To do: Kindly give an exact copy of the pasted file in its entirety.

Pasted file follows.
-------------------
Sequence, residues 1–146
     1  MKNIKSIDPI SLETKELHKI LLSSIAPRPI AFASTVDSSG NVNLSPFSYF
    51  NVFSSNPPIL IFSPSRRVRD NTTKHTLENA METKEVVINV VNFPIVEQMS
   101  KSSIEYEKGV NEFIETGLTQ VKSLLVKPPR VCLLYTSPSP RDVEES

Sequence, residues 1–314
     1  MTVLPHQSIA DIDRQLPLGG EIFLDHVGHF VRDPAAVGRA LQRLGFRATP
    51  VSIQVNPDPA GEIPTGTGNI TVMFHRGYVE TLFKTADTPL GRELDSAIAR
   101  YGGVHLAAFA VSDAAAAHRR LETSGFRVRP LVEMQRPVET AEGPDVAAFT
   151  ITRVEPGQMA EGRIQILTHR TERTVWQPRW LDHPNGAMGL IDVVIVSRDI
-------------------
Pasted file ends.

Sequence, residues 1–146
     1  MKNIKSIDPI SLETKELHKI LLSSIAPRPI AFASTVDSSG NVNLSPFSYF
    51  NVFSSNPPIL IFSPSRRVRD NTTKHTLENA METKEVVINV VNFPIVEQMS
   101  KSSIEYEKGV NEFIETGLTQ VKSLLVKPPR VCLLYTSPSP RDVEES

Sequence, residues 1–314
     1  MTVLPHQSIA DIDRQLPLGG EIFLDHVGHF VRDPAAVGRA LQRLGFRATP
    51  VSIQVNPDPA GEIPTGTGNI TVMFHRGYVE TLFKTADTPL GRELDSAIAR
   101  YGGVHLAAFA VSDAAAAHRR LETSGFRVRP LVEMQRPVET AEGPDVAAFT
   151  ITRVEPGQMA EGRIQILTHR TERTVWQPRW LDHPNGAMGL IDVVIVSRDI